Who is Robert Burns?

18 January 2018

Mr Robert Burns (also known as Rabbie Burns) was a Scottish poet and lyricist who lived from 1759 to 1796 and died aged 37 in Dumfries, Scotland.  On January 25th every year, Burns Supper (more commonly known as Burns Night) is held in homes across Scotland to celebrate his work.

Wait, Rabbie?  Why did people call him Rabbie when his first name was Robert?

Rabbie is a Scottish nickname for people called Robert, the term Rab is also used.

Portrait of Robert Burns of Scotland

I see.  So why is ‘Rabbie’ famous enough to have a day named after him?

Robert Burns is arguably one of the most famous poets in history, despite his short lifespan.  His notable works include Auld Lang Syne, Scots Wha Hae, Tam O’Shanter and To a Mouse.  All of which are still recited to this day.  He’s classed as a romantic poet and influenced many future men and women of literature, including William Wordsworth and Percy Bysshe Shelley.

Essentially, his work touched and inspired so many people that during his life and after his passing he became a bit of a legend.  Not just to the people of Scotland and the UK, but all over the world.

The world?  So he’s a pretty big deal then?

Oh yes.  He’s touched people as far as Canada, the United States and even Russia. 

President Abraham Lincoln could recite some of his work from memory and even held a toast in honour of the famous Scottish poet in 1864, saying: “I cannot frame a toast to Burns. I can say nothing worthy of his generous heart and transcending genius. Thinking of what he has said, I cannot say anything which seems worth saying.”

In Russia, Burns is known as the People’s Poet, after his words became a source of inspiration and were representative of the common man at the time.  His empathy with the oppressed that was shown in his work was popular amongst the Russian people, in particular during the time of the Emperors.

So a lot of people knew who he was, but where was Robert Burns from?

Burns was born in a small village called Alloway, located just a few miles south of Ayr in Ayrshire.  In fact, his original home still exists today and has been turned into a museum dedicated to his memory. 

Throughout his life he moved from place to place, finding homes in Tarbolton and Mauchline in Ayrshire, as well as spending a couple of years in Edinburgh.  Eventually, he moved to Dumfries where he settled down with his partner Jean Armour.  This is where he eventually died at the age of 37.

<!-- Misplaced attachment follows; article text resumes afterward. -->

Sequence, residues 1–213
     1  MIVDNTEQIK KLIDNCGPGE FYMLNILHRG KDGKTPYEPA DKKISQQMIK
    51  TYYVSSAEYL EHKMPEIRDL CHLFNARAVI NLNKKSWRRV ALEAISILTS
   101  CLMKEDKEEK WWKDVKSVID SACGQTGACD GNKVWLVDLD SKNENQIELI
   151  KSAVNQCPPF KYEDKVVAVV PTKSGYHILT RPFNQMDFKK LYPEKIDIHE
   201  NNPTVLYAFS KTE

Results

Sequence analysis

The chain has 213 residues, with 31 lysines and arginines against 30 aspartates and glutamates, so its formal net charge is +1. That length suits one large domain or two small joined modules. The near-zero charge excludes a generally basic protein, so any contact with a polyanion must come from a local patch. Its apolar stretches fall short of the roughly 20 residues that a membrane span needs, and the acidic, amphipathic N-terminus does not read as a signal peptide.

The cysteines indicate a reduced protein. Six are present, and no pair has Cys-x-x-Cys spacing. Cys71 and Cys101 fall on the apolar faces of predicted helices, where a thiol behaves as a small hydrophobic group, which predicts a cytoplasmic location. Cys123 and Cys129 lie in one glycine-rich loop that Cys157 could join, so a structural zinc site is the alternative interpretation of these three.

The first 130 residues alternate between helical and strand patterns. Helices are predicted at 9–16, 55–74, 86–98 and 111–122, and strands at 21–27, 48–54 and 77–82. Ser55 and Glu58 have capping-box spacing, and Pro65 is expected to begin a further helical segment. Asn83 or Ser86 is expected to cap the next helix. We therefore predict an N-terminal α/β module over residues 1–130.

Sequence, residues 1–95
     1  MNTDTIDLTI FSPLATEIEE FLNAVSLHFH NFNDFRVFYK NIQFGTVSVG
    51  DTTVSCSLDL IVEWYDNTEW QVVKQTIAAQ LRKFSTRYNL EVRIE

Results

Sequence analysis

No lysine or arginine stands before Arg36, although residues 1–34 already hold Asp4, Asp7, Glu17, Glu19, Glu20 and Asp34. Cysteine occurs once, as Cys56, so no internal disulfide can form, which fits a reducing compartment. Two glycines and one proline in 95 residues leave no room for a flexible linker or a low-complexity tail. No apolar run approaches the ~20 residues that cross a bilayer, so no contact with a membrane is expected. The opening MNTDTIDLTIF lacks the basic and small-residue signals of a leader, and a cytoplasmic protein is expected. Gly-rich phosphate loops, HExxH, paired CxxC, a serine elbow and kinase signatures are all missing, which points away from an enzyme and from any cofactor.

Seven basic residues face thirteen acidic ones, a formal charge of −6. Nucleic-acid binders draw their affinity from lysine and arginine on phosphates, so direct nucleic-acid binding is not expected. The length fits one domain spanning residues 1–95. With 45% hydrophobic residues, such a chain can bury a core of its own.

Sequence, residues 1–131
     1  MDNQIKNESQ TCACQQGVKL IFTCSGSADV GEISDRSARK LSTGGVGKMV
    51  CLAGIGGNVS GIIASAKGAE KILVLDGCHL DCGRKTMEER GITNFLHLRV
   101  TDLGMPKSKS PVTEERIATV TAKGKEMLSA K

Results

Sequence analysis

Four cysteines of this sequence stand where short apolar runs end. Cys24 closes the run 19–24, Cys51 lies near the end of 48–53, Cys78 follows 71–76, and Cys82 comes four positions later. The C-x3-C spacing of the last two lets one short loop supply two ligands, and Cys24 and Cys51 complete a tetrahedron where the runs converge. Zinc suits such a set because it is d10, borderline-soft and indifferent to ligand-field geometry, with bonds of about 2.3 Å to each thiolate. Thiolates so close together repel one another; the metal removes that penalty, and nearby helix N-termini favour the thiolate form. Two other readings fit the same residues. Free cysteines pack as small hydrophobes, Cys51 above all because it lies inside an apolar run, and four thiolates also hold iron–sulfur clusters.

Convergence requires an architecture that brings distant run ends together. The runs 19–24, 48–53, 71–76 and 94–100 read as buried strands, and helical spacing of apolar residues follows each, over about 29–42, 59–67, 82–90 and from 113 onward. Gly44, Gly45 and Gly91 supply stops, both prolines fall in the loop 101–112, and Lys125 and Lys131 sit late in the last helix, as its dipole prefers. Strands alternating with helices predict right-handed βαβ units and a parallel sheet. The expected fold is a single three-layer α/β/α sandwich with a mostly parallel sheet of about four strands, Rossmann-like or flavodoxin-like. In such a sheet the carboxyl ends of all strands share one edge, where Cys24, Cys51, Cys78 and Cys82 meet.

Why did Robert Burns die?  It seems like quite a young age?

Even for the late 1700s the age of 37 was considered young. 

The average age of death for a male at the time Robert Burns passed away was around 50.  Burns’ death has caused some controversy, as a definitive reason for his passing has never been provided.  However, it’s widely believed that he had long-standing heart issues, which hastened his death.

Statue of Robert Burns in Scotland

So, what is Burns night?  Why is it significant?

Burns night (or Burns Supper) was originally held five years after his death. The idea was to honour the life and work of Robert Burns but it’s a practice that has been a regular occurrence ever since.

The night can be formal or informal depending on the desire of the hosts but it will typically include haggis, whisky and a recital of some of Burns’ work.

Why have I never seen any of his work if he’s so famous and has a day dedicated to him?

In truth, you probably have but you just don’t realise it. 

Arguably his famous and most used piece of literary work is Auld Lang Syne.  A piece that is used in English-speaking countries to usher in the New Year after saying good bye to the old one.  Although, it’s believed that Burns merely added to an existing piece of work, rather than creating it from scratch.  Adding his own personal touch of flavour to the original.

The song also wasn’t originally associated with the New Year either.  It was made popular in 1929 when Guy Lombardo performed it at New York’s Roosevelt Hotel during a New Year’s Eve broadcast just after midnight, causing a global tradition that has stood ever since.

Auld Lang Syne on burns night

Do I need to be Scottish to enjoy a Burns Supper?

Absolutely not.  While Burns Night/Supper is a Scottish tradition, people from all over the world are more than welcome to eat some haggis, have a dram of whisky and recite Scots Wae Hae, Auld Lang Syne and Tam O’Shanter till their hearts content.

Tagged with:

  • Burns Night
  • Robert Burns
  • Scotland
  • Scottish Tradition
Author -
Content Writer Thomson Local

Away from his role as a Content Writer for Thomson Local, you’ll find Craig writing about either football or video games at a myriad of sites and publications. He’s had words featured in The Guardian, Eurogamer, Nutmeg and his own site Pause Resume. He’s also currently in the process of attaining a degree in Creative Writing with the Open University.

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